Why O neg?

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I was wondering why when a patient comes into the Emergency Room and needs a transfusion he/she is given O negative blood.

I realize that O is a universal blood type, but being a female I also know that having negative blood has to be monitored during pregnancy. I'm not quite sure why, but I remember the doctors & nurses always asking me that.

So why wouldn't O positive be a better blood to use during an emergency procedure until the patient's been typed?

-- AmyE (roamyn@aol.com), March 11, 2000


The positive and negative of a blood type identifies the presence of antigens in the blood. If someone is positive, they have the antigens. If they are negative, then they don't. If you transfuse positive blood into someone that is negative, you can cause hemolysis of the erythrocytes. In layman's terms that means your red blood cells will break down.

They track the Rh factor in a pregnant woman because there is a chance that if a negative mother receives blood from a positive fetus, she and the fetus can be in great danger.

On the other hand, if negative blood is tranfused into someone with positive blood, nothing will happen. Antigens are not necessary, they just happen to exist in many people's blood.

-- Brett Champion (bchampion@home.com), March 11, 2000.

The last responce was mostly correct but.. if you transfuse Rh negative blood into and Rh positive person- nothing will happen in regards to the D antigen but there are many other antigens on the rbc and some of these are as strong as the Rh (D) antigen and can cause just as many problems. (c,c,E,e,Kell, Duffy etc) Any transfusion takes a risk of building antibodies by the recipient unless the blood is from the recipient himself. (Donation by the recipient before a surgery). And hemolysis is not the only problem if you give a unit of blood that the person has an antibody to. You also have the problem of the rbcs agglutinating in the circulatory system. Many of the body's main organs will shut down when this happens. This is usually prevented by doing an A,B,O typing on the recipient and a screening for atypical antibodies. When blood is just given without this, there is a much bigger risk of complications. Sorry for the run-on!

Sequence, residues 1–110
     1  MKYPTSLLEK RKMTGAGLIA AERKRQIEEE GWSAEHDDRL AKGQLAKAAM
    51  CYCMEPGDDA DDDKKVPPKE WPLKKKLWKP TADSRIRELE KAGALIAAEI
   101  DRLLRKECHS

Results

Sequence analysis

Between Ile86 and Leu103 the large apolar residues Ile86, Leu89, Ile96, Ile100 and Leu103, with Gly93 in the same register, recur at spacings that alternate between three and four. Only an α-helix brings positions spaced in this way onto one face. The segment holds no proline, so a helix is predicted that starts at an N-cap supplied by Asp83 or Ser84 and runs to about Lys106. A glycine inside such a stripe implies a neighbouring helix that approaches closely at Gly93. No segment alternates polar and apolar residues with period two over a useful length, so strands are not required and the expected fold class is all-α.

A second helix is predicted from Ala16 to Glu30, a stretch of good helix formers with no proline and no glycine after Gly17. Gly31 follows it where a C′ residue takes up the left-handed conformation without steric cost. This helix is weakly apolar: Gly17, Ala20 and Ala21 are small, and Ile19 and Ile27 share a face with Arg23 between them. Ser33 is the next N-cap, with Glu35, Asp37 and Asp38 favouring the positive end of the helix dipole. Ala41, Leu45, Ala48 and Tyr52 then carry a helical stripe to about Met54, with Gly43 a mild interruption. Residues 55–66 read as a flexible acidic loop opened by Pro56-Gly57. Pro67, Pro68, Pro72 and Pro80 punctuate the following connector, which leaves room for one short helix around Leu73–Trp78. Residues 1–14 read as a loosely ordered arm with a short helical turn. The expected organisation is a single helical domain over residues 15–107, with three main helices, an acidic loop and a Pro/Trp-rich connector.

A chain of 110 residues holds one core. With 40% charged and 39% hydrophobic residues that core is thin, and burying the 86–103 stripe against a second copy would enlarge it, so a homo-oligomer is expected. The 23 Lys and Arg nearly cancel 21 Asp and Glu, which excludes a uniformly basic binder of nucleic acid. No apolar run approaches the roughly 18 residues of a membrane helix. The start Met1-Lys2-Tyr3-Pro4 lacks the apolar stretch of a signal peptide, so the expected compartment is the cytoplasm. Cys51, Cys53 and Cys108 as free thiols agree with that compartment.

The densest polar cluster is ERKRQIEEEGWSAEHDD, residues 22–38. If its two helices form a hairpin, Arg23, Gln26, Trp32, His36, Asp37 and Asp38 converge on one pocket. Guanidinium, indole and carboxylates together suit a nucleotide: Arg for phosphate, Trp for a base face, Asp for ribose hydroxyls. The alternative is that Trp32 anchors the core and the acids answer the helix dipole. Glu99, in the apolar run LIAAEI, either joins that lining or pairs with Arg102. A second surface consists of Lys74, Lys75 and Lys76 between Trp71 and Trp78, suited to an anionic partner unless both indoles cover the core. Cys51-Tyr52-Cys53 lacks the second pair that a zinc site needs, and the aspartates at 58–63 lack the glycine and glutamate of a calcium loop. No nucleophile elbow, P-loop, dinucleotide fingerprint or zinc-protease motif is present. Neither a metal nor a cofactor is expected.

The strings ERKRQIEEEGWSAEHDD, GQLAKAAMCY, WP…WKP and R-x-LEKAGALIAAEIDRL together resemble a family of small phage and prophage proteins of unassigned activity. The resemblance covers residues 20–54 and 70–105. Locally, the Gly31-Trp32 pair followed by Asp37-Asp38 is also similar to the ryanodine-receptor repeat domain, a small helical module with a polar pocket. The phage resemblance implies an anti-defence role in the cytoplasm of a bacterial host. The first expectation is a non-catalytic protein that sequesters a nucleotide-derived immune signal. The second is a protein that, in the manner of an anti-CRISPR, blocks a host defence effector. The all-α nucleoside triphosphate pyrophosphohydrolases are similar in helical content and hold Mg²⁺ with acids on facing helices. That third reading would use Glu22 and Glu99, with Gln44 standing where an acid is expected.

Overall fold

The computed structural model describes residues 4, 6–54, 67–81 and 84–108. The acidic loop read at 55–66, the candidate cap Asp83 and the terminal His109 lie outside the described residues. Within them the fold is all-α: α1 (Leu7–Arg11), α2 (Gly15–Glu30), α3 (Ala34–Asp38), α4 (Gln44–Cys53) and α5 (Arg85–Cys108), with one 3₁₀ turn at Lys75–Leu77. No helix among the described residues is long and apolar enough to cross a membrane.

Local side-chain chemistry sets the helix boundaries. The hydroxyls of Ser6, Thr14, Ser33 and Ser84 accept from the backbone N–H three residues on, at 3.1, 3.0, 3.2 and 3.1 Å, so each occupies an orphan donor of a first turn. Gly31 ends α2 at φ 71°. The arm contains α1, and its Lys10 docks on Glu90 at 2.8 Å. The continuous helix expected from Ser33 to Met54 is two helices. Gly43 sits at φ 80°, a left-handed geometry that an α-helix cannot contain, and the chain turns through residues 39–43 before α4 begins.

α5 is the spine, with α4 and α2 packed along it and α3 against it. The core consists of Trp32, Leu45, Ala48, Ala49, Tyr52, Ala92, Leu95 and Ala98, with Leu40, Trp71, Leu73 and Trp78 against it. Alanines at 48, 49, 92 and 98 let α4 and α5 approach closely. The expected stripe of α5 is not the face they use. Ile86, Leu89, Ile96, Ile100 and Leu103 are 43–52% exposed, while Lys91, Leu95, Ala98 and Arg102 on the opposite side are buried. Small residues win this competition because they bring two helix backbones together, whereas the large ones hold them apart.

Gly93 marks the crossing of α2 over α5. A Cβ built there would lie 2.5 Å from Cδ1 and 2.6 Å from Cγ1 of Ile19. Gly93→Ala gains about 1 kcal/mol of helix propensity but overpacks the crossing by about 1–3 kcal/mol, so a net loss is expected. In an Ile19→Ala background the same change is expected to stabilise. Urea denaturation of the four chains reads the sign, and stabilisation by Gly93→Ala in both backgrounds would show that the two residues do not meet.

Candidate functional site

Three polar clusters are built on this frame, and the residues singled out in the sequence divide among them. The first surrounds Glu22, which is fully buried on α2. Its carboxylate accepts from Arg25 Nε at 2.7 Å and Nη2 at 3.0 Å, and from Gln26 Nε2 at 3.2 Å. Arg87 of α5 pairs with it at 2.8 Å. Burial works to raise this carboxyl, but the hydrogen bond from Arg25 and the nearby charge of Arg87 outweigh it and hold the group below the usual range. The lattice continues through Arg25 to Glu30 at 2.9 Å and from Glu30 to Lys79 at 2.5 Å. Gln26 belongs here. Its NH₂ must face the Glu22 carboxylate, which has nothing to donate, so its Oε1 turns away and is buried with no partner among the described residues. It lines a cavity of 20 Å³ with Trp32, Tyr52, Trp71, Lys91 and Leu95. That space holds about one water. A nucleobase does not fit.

-- joan (joanofarc24@hotmail.com), March 12, 2000.

My Biology Teacher explained Blood Types to us in a very good way. A and B are the 2 types, while O is the lack of any antigens. Positive is having another antigen, while negative is the lack of the antigen. That means that O- is blood without any antigens. If you remember the episode with the nurse strike, Carol accidentally left some type specific blood on the Auto Transfuser and that caused the man to bleed out and die. You may want to know why not give an A+ person A- if it wont hurt them, but I THINK it will, and if you already know they are A, why not give them their specific blood...... hmmmmmm, well that is my knowledge about this topic, if anyone else out there knows more than that, please post it!

-- Steven Jacobson (steven@episodeguides.com), January 01, 2001.

When they "type and crossmatch" -- what exactly does crossmatching involve? Is this testing for the antibodies that have been mentioned, or do they mix samples of the donor's and recipient's blood to see if there is a bad reaction?

-- Driad (driad@mailcity.com), January 02, 2001.

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